Overindulgence of alcohol in general may raise your risk of cancer, but a University of Colorado team explains how red wine in particular could fend that cancer off.

A study published in Advances in Experimental Medicine and Biology says that although alcohol has been linked as a risk factor for head and neck cancer, resveratrol—a chemical found in red wine and grape skins—may be able to fix cell damage caused by other booze, says a release at Eureka Alert.

"Alcohol bombards your genes," says study co-author Robert Sclafani. The body can repair some of the damage, but not all, and that's where resveratrol comes into play.

"Cells with unrepaired DNA damage are killed [by resveratrol], so they can't go on to cause cancer." The mice in this experiment had cancer tumors, but when Sclafani and his group pumped the chemical compounds found in red wine into the rodents' bodies, their tumors decreased in size and the growth of new ones was prevented, Yahoo Health reports; similar results occurred when using grape seed extract (red wine has both).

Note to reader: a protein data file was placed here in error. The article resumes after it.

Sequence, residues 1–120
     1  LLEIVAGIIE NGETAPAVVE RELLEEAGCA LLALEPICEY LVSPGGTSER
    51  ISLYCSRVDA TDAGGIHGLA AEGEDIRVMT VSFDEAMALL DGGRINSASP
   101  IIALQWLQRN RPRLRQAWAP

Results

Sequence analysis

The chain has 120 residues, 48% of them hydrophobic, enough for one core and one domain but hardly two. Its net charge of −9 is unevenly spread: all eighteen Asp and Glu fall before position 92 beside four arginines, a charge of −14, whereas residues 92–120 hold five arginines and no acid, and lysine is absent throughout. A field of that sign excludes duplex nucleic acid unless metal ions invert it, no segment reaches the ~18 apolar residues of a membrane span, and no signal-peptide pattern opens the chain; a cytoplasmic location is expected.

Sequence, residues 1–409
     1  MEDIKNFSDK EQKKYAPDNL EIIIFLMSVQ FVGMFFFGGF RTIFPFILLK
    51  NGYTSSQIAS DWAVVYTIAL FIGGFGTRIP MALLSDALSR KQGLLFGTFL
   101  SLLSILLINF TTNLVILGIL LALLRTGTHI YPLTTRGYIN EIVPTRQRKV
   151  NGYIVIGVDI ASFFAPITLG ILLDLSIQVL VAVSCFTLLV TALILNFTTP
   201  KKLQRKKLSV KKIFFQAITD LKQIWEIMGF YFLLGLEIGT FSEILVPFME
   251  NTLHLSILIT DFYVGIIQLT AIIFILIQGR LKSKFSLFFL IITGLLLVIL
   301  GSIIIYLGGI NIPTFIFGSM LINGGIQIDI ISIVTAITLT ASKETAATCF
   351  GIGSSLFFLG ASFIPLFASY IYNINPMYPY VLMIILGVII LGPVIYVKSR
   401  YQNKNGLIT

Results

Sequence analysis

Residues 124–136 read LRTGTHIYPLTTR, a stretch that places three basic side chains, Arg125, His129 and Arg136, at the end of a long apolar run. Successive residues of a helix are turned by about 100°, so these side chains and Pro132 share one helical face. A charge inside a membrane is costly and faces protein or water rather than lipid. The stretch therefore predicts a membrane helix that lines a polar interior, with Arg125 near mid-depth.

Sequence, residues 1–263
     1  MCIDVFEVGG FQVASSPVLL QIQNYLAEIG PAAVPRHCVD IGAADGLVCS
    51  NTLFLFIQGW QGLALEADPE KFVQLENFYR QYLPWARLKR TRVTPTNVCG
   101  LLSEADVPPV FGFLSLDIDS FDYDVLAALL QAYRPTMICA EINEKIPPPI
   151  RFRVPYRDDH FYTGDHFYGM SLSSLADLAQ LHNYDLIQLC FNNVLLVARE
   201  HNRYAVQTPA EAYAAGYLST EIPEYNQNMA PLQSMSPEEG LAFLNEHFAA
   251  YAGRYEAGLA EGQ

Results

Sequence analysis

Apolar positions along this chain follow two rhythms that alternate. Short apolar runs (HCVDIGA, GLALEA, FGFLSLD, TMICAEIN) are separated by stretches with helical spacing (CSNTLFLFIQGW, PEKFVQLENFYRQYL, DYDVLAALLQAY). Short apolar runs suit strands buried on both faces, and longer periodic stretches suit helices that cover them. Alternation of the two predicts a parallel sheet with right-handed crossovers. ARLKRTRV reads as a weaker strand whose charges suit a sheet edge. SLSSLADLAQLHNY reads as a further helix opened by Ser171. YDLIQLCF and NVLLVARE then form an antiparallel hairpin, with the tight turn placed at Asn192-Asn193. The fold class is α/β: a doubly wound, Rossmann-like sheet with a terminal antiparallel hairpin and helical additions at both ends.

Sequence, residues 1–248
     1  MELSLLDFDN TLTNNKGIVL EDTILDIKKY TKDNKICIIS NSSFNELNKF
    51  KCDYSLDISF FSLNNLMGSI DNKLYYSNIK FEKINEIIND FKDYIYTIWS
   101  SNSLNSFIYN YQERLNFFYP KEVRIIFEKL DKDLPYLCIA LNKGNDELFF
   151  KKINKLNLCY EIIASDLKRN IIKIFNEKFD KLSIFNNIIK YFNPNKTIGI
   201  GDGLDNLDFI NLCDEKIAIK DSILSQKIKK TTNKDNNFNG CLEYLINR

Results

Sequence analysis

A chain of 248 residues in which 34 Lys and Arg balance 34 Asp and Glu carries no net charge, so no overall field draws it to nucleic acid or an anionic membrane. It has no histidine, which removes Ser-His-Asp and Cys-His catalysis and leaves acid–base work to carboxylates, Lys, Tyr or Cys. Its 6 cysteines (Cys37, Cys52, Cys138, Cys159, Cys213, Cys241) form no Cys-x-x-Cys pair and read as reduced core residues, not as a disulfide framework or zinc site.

Of course, that doesn't mean you should go on a pinot noir bender: Sclafani says that "moderation is key" and that you can also find resveratrol in nonalcoholic items such as peanuts.

Still, these findings could lead to nontoxic options in cancer treatment down the road. "Being able to counteract the pre-cancerous cells with a mild medicine would be a great alternative in treating … high-risk patients," Sclafani tells Yahoo.

(Not everyone's convinced about resveratrol's powers.)

This article originally appeared on Newser: How Red Wine Helps Fight Cancer

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